A few weeks ago, my office was invaded by cardboard. It was a stealth assault, the flattened boxes piling up as the deliveries of equipment, tools and other sundries for a research project flowed in. It all just kept stacking up, and only when a student came to my door did the embarrassment of having to clamber over the pile force me to really look at it. This small mountain of cardboard had done me the service of protecting expensive, precious deliveries, but it barely weighed anything and it's just paper: flimsy and weak. How could something so insubstantial have any structural benefit?
Paper is something that we habitually underestimate. Members of the laboratory where I did my doctoral work at Cambridge had a favorite demonstration to impress audiences on open-house days. They'd hang up a large roll of printer paper, scroll it partway onto a suspended second roll below, with a single sheet of paper bearing the weight in between, and hang more than 150 pounds of extra weight from the lower roll.
Then they would dramatically stab through the single sheet of paper with a scalpel. The audience would gasp, but nothing moved. As they cut the hole wider, eventually the paper would rip. But the demo showed that the bonds of paper's cellulose fibers are strong in tension in one direction, despite how thin the sheet may be in another direction. The critical factor is how you arrange the paper—for instance, by pressing it into the folds and waves of corrugated cardboard.
Billions of dollars worth of goods are regularly transported in corrugated cardboard boxes, so it's no surprise that there are many scientific papers on the material's strength—equations, computational modeling and detailed consideration of humidity, temperature, paper type and box shape. They are the sorts of structural calculations you would do to design a building. It's like paper architecture.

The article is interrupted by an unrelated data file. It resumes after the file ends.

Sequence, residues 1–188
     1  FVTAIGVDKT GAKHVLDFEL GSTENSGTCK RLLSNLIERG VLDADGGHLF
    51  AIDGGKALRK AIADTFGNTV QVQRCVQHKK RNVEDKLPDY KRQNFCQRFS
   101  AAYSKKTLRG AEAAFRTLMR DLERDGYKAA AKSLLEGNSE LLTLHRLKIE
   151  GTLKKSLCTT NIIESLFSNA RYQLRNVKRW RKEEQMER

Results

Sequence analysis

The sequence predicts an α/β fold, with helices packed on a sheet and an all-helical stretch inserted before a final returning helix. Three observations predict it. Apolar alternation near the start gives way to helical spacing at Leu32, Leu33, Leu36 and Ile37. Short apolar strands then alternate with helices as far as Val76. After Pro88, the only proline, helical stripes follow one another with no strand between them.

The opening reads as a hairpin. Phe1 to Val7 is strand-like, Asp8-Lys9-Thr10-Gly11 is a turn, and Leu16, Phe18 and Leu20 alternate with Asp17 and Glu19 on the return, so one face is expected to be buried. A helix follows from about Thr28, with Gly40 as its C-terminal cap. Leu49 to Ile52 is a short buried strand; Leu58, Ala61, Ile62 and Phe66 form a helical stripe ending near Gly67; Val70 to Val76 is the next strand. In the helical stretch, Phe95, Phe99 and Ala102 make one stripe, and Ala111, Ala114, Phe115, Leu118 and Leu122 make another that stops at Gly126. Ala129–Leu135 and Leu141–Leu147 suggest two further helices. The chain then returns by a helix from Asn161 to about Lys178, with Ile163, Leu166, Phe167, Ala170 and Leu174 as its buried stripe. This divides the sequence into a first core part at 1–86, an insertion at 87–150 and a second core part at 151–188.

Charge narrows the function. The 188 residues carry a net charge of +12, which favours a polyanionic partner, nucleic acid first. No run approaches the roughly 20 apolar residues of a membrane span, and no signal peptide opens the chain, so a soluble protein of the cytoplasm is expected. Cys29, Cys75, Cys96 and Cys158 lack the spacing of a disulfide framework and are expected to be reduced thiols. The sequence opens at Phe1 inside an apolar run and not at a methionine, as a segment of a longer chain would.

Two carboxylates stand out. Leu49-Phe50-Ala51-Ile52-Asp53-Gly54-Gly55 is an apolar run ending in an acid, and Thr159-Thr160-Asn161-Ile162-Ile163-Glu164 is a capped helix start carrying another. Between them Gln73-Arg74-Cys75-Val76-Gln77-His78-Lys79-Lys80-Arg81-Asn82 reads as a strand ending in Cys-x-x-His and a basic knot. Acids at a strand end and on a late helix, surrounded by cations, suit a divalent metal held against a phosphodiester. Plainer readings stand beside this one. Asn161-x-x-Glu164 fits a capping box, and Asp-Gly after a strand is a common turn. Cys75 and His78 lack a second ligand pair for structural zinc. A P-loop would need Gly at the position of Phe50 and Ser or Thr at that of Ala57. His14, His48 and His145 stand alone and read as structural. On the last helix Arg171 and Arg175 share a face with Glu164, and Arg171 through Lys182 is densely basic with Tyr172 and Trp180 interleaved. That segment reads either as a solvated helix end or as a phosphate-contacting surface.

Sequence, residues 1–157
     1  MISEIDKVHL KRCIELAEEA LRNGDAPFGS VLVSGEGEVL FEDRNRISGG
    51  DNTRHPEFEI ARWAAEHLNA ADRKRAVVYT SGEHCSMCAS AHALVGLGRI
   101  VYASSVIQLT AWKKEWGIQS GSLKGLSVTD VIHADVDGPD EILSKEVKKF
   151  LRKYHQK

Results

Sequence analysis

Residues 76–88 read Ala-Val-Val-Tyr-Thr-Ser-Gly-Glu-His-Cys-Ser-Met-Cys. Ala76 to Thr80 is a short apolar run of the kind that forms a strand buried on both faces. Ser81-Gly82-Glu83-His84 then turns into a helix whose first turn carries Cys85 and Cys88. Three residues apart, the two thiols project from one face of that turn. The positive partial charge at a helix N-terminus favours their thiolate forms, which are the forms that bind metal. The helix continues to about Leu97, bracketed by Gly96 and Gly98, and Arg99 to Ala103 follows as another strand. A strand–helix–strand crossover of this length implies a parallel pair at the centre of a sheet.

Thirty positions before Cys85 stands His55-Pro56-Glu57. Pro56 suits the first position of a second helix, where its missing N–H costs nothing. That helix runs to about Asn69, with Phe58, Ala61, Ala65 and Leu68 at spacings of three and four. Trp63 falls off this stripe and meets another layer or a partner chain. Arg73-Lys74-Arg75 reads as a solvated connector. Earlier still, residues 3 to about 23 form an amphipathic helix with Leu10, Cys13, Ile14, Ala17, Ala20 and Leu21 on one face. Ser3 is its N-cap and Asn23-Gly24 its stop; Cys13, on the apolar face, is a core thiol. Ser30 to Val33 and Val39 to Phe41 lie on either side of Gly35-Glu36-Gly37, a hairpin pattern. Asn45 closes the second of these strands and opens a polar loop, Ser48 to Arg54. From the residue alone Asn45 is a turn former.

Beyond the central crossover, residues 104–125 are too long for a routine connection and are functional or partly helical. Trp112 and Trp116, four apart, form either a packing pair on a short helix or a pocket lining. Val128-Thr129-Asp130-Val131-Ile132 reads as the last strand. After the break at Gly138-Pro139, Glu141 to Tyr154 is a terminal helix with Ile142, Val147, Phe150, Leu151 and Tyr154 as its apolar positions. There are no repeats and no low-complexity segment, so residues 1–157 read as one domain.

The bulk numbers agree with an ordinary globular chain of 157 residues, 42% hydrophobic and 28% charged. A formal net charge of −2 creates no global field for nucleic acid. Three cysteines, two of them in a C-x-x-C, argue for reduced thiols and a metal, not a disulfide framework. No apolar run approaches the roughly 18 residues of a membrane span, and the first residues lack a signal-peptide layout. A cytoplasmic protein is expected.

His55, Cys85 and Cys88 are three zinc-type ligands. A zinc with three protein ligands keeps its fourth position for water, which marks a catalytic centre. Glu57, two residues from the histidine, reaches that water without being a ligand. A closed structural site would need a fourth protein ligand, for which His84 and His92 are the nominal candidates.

Corrugated cardboard is made of a wavy internal layer that's sandwiched between two flat layers. The outer layers are important because they make it harder to bend—to curve that structure, you've got to stretch the outer layer, and as the experiment with the weight demonstrates, that's very hard to do. The farther apart those layers are, the harder it is to make it curve, so the first job of the corrugations is to hold the sides apart and stop them from sliding over each other.
But the most interesting bit is the corrugations themselves. They're made of a flat surface that has been bent back and forth repeatedly as it moves laterally. It's a useful and fundamental rule for anything that starts as a flat sheet: It may be easy to bend it in one direction, but you can't also bend it in the other direction at the same time without stretching or squashing it.
Pizza-lovers will be familiar with the consequences of this idea. If you pick up a slice of pizza by its crust, the point will generally flop downward, because the crust can't hold it up. But if you fold the pizza, bending it along the axis of the slice, the point of the slice can't flop down, or bend, in the other direction—at least, as long as the crust doesn't stretch. In the cardboard, the paper won't stretch, so the corrugations make the structure strong by effectively stopping it from bending.
It's a clever idea, and I almost felt guilty about stamping on my pile of boxes hard enough to destroy the structure and flatten them beyond reprieve. It was a relief when someone finally came to collect it all. But next time I see a cardboard box, I'll at least give it the nod of appreciation that it deserves.